I'm very glad, anyway, that I persuaded him," she said, looking askance at
her husband through her hair.
Taking a last whiff of his cigarette he threw it down, stepped on it, and letting the smoke escape through his moustache and looking askance at
the horse that was coming up, began to tuck in his sheepskin collar on both sides of his ruddy face, clean-shaven except for the moustache, so that his breath should not moisten the collar.
"None escape," said the Beast People, looking askance at
But it seems you have come back rich, my boy," continued the tailor, looking askance at
the handful of gold and silver which Dantes had thrown on the table.
And as I continued to walk up and down, and saw people looking askance at
me upon the street or out of windows, and nudging or speaking one to another with smiles, I began to take a fresh apprehension: that it might be no easy matter even to come to speech of the lawyer, far less to convince him of my story.
Nioche rubbed his forehead slowly, and even pushed back his wig a little, looking askance at
his empty glass.
One may be excused for looking askance at
the current clamor for resumption of the bilateral dialogue.
Summary: If I catch any guest looking askance at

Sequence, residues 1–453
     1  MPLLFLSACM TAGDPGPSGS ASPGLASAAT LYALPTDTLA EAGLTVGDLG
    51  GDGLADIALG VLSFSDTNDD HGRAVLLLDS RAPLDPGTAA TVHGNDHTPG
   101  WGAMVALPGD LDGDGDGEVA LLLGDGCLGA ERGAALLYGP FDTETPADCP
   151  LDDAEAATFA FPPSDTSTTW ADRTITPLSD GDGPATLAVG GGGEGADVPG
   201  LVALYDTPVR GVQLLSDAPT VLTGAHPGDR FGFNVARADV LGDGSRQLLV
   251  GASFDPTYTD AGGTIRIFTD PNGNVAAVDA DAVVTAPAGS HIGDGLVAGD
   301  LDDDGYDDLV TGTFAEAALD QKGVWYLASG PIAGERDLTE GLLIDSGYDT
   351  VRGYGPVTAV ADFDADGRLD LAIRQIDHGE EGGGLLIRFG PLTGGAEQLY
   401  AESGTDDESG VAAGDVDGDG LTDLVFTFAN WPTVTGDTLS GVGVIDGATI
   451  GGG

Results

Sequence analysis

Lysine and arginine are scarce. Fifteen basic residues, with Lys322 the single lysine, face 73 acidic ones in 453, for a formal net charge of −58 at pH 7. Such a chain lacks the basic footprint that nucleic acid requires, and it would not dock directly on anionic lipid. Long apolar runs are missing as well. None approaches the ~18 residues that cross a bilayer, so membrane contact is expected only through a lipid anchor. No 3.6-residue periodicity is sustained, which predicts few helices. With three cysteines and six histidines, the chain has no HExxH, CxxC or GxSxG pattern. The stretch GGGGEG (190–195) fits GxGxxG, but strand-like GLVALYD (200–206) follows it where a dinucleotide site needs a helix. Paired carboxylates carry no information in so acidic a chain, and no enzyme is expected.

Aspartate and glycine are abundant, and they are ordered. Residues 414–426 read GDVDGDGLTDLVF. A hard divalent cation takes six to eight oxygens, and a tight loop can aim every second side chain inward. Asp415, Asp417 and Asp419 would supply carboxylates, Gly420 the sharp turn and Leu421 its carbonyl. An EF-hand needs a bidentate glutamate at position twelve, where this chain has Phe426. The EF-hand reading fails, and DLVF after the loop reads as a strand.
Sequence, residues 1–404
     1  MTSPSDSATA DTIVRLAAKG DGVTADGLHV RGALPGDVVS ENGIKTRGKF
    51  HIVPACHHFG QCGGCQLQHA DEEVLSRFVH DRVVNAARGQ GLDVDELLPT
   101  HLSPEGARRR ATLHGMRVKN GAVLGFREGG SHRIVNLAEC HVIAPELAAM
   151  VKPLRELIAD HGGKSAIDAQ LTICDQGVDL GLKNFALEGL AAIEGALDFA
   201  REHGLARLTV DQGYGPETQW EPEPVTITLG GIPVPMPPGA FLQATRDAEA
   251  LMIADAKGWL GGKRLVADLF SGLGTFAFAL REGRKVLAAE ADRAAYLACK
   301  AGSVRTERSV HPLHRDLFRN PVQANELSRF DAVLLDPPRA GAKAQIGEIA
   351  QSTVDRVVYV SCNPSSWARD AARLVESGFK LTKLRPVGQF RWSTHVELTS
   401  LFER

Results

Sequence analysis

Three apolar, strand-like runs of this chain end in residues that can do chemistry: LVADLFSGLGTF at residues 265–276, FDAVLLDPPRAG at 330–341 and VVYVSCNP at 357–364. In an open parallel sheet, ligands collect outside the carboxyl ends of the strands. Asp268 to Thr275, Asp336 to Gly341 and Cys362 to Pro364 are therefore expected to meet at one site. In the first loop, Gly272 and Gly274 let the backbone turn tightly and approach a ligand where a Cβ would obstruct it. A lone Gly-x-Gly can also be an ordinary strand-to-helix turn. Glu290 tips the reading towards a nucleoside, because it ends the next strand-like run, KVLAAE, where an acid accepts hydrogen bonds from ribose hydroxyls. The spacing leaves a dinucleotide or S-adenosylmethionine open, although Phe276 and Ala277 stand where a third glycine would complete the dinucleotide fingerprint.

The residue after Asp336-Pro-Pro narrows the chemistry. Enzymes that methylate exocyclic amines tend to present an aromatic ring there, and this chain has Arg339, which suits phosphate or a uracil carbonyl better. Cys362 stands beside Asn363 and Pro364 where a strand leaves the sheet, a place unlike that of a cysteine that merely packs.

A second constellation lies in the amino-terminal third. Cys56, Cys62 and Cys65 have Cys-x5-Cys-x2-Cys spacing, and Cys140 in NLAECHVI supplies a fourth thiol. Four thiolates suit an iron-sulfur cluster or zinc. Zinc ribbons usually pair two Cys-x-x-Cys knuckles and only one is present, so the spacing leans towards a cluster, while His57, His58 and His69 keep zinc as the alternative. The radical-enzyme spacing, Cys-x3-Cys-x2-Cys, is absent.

the ceiling, I just tell them that this is the latest avant-garde look in lighting
This is why lets pull together in order to ensure the countrys development instead of looking askance at
the government, said Alexander Lukashenko.
By looking askance at
this 'spiritual renewal,' were they then accepting the fact that he lied at the Senate hearing on Oct.
Soon recognised for his artistic skills, his poignant works hugely popular with the public, Bairnsfather spent the rest of the war as a cartoonist, his most famous work, often reworked by other artists afterwards, shows Old Bill sheltering in what looks like a bomb crater, looking askance at
his companion and saying: "Well if you knows of a better 'ole, go to it".
Blume, who briefly figures in Joanna Rakoff's My Salinger Year looking askance at
the placement of her books on the shelves in the offices of a former agent, says she'll spend the summer revising her manuscript.
I'M not surprised Stonehaven residents are looking askance at
plans for a new business and housing development at Mill O'Forest.
And there are reasons beyond those of the "austerians" for looking askance at
the burgeoning of the welfare state in this time of prolonged misery.
Though Krieg isn't the only one looking askance at